In this block, a red print is used in every other square. When the quiltmaker ran out of red print, she filled in the remaining squares with a black floral, deliberately placing them to form a diagonal row and four corners.
Diagonal rows of the same color bring a scrappy block together, even when the fabrics are diverse.
Even though this block is scrappy, the quiltmaker arranged it in an orderly fashion to make radiating squares of mostly matching pieces. Note the interesting brown honeycomb print, which is paired with a pale pink floral stripe to form the second square from the outside.
True checkerboard blocks (made from only two fabrics) save time because they can be strip pieced.
A checkerboard block made in paler colors of tan and pink has a softer look than the previous block.
Outer rows of dark prints around medium or light prints in the same colors can create a frame. In this case, the quiltmaker chose to frame the block in dark blue and brown.
While similar to the previous block, this block contains browns and blues that are more similar in value to each other.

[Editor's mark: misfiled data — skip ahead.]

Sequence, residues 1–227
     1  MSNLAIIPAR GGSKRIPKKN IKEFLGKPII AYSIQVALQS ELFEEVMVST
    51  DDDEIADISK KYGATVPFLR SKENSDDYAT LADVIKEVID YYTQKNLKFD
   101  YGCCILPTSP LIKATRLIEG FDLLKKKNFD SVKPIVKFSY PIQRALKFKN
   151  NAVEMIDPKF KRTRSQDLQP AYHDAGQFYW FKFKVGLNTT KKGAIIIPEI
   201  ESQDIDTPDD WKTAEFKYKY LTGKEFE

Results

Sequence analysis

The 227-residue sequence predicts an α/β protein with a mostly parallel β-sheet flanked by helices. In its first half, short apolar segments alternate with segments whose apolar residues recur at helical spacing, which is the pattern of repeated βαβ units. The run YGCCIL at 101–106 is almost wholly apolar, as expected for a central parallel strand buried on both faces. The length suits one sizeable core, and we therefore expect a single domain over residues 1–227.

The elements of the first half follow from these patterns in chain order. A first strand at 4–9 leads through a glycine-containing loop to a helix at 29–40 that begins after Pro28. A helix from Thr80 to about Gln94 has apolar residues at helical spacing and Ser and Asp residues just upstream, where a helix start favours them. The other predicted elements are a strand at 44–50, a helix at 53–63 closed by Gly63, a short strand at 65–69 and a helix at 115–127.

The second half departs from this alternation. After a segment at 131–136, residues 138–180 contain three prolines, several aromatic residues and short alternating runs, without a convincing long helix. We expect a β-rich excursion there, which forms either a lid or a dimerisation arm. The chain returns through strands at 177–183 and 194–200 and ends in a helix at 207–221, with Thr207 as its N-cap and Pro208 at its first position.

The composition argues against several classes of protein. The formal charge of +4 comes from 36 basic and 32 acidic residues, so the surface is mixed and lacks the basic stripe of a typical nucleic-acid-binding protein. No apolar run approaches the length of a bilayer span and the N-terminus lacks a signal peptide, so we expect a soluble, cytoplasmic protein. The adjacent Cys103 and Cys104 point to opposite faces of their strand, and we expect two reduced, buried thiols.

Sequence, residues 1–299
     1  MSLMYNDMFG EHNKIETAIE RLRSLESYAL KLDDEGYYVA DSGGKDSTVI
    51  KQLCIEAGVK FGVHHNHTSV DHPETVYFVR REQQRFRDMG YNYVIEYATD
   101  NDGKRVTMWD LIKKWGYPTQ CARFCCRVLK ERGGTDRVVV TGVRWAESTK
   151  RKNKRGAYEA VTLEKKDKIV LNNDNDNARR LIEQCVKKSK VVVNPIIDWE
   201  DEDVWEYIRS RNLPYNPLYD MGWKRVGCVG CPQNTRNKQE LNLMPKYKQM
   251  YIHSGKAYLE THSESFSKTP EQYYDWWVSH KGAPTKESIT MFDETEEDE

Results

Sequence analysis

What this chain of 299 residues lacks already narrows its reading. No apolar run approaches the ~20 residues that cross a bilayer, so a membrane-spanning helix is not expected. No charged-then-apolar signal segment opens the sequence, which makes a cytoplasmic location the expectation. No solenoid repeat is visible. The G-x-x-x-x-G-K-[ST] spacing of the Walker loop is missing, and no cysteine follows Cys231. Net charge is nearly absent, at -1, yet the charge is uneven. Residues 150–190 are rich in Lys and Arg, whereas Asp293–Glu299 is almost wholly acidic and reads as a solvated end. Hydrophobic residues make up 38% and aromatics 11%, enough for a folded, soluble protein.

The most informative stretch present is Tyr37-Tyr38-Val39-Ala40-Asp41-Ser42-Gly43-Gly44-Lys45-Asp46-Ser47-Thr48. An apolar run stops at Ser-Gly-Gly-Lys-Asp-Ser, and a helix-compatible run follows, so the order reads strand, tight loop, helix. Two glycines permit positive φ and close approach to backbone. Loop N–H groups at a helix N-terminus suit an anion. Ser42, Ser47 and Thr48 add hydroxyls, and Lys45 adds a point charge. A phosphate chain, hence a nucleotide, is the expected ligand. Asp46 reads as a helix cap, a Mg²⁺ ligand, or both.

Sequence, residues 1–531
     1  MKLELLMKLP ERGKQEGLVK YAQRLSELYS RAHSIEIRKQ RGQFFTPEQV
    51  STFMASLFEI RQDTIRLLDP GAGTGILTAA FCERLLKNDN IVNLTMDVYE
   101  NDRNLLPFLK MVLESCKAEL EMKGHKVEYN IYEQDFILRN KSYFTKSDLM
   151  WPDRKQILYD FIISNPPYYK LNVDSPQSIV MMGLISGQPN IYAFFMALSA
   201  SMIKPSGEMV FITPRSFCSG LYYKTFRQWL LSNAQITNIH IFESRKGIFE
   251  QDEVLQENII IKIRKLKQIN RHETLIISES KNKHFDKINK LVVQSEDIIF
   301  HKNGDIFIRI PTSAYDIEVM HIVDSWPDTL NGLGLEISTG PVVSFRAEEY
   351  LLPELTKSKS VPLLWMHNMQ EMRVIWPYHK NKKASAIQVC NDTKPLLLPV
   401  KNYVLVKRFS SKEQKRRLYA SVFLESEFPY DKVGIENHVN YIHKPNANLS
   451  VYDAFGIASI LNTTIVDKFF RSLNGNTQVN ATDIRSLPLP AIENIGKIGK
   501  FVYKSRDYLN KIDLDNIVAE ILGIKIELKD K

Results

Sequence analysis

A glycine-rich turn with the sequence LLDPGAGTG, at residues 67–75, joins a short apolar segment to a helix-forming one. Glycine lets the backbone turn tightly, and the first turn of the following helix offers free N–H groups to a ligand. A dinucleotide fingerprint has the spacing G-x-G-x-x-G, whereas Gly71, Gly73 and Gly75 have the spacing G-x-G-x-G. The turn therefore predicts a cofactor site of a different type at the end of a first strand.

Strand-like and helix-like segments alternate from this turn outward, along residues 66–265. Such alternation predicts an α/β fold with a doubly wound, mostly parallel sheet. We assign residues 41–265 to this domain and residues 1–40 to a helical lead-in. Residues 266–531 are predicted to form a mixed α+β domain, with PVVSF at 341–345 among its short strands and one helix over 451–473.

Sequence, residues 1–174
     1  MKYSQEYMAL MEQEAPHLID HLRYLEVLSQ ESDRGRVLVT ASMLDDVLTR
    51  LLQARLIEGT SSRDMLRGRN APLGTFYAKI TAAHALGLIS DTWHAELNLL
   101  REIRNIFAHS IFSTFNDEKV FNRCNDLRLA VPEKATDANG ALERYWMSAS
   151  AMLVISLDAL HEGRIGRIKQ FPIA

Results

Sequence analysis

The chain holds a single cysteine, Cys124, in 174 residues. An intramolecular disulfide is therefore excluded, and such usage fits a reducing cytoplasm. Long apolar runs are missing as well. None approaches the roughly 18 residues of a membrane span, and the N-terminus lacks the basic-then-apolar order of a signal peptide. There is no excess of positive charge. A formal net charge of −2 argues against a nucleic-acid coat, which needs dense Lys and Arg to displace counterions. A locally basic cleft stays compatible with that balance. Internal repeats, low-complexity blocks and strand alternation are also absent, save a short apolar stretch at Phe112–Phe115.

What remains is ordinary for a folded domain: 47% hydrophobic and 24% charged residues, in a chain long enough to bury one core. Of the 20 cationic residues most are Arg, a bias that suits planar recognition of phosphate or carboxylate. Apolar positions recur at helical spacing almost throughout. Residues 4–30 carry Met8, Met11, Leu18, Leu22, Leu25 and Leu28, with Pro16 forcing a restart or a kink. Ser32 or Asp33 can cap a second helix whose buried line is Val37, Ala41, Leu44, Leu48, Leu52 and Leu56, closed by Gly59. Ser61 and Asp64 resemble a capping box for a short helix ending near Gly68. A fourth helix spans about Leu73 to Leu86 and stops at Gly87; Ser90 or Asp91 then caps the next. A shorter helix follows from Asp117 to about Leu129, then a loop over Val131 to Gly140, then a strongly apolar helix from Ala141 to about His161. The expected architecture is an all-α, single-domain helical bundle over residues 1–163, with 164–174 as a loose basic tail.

Five different pink prints and plaids form every other square in this block. In the gold and navy blue stripe that forms a diagonal row in the block, some of the small squares are pieced, indicating these may have been cut from a garment.
A regular arrangement of colors can result in a woven effect.
Pieces of similar value and scale make a subtle checkerboard pattern.
This block features deep pink combined with seven different plaids and stripes and three florals arranged in diagonal rows of matching pieces when possible.
A quilt made entirely of blocks in this layout would produce a secondary design.
In addition to the interesting patterns formed in the blocks, the fabrics in this quilt are intriguing. Collector Julie Hendricksen says, "Most of the quilts I own are from the late 1890s and combine pink with shirtings and indigo. This quilt combines pink with green, brown and cheddar."
According to Julie, the fabrics date from 1840 to 1870 and this quilt has proven to be a wonderful source for studying old prints.